Shenyang Imperial Palace
Shenyang Imperial Palace in the North East of China, is not as well known as the larger 'Forbidden City' Palace of Beijing. However, Shenyang's Palace is every bit Beijing's equal in beauty and historical interest. The UNESCO lists Shenyang's Imperial Palace along side Beijing's. Construction on the Palace in Shenyang started in 1625 by the command of Emperor Taizu Nuerhachi of the Late Jin dynasty who ruled the North East of modern China — an area known to history as Manchuria. When the Manchu people eventually conquered Ming dynasty China to form the Qing dynasty, and moved their capital to Beijing, they maintained the Palace in Shenyang as a second capital. The Qing Emperors would frequently visit Shenyang and stay in the Palace there while paying homage to their ancestors who's tombs lie nearby.
The palace is approximately square and covers an area of around 70,000 square metres. There are some 100 builds containing over 500 rooms. The palace is divided north to south into three sections. The Easter line is the oldest and displays unique Manchurian architectural styles. The Western line houses a theater and the palace library. The central line contains the main residencies of the Emperor, Empress and the Imperial Consorts. High walls surround the whole palace as well as dividing the site so that each section, courtyard or garden is secluded and private, without being overlooked by other buildings. All the entrances to the Palace, of which there are three in number, are on the southern wall. This limited public access to the Palace. While Beijing's Palace has acquired the nick name of the 'Forbidden City', access to Shenyang's Palace was under even stricter control.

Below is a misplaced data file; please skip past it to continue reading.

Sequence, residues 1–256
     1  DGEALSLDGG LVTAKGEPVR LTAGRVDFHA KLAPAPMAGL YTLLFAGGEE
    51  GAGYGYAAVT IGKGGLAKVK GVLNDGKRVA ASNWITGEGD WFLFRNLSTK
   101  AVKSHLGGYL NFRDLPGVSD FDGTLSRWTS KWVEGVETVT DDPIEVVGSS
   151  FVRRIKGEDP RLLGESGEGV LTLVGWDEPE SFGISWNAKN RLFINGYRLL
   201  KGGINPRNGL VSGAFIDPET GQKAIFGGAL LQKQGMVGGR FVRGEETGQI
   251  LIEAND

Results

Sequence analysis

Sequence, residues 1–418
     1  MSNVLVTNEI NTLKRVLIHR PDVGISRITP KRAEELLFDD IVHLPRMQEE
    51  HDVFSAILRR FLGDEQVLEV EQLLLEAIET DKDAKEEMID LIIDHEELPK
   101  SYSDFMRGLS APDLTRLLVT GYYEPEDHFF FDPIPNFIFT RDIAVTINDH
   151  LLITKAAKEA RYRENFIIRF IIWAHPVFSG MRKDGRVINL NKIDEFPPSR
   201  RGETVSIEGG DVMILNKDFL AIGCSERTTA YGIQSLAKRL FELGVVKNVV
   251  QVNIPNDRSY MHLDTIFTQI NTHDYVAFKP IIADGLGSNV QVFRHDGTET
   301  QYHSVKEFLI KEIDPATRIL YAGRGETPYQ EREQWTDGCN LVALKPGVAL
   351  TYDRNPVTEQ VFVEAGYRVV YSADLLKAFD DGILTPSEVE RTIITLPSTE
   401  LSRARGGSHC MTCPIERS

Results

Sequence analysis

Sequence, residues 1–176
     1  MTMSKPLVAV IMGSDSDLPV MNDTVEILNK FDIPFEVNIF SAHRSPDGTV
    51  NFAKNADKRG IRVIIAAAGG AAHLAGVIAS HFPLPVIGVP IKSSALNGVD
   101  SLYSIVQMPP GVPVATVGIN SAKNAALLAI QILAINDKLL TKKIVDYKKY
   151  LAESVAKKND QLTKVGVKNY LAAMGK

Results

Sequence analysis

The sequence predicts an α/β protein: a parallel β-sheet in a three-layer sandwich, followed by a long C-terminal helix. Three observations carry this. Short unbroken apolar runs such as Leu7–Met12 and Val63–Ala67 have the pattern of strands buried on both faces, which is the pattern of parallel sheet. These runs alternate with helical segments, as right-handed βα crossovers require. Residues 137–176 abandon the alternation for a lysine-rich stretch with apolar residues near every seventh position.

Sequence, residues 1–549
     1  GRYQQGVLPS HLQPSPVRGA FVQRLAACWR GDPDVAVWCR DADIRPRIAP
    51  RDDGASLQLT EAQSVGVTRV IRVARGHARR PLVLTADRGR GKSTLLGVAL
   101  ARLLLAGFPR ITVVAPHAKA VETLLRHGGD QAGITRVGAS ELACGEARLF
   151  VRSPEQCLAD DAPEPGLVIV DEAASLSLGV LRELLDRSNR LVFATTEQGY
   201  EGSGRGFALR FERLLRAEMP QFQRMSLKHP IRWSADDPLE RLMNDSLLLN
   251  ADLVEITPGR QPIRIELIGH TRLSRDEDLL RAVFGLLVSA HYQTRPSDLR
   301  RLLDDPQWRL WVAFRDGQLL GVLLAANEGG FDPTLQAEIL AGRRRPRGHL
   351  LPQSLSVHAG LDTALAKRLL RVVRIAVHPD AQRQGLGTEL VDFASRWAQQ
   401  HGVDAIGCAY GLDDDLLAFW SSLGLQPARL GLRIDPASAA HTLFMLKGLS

The oldest section of the palace is the Eastern Line consisting of the Dazheng Hall and the Ten King's Pavilions. The Hall is a large octagonal building which contained the high throne of the Emperor. Sited at the Northern end of the line, the Hall faces down a long road which runs due south to the gate in the opposite wall. On either side of the road way are ten pavilions. These are not set in a straight line, but gently curves inwards such that the road way is wider at the South, near the gate and narrows towards the North as you approach the Emperor's hall. The two pavilions nearest the Dazheng Hall are the Emperors, known as the East King's Pavilion and the West King's Pavilion. The other eight King's Pavilions were the official offices of each of the eight Banners that made up the Manchurian nation and it's army.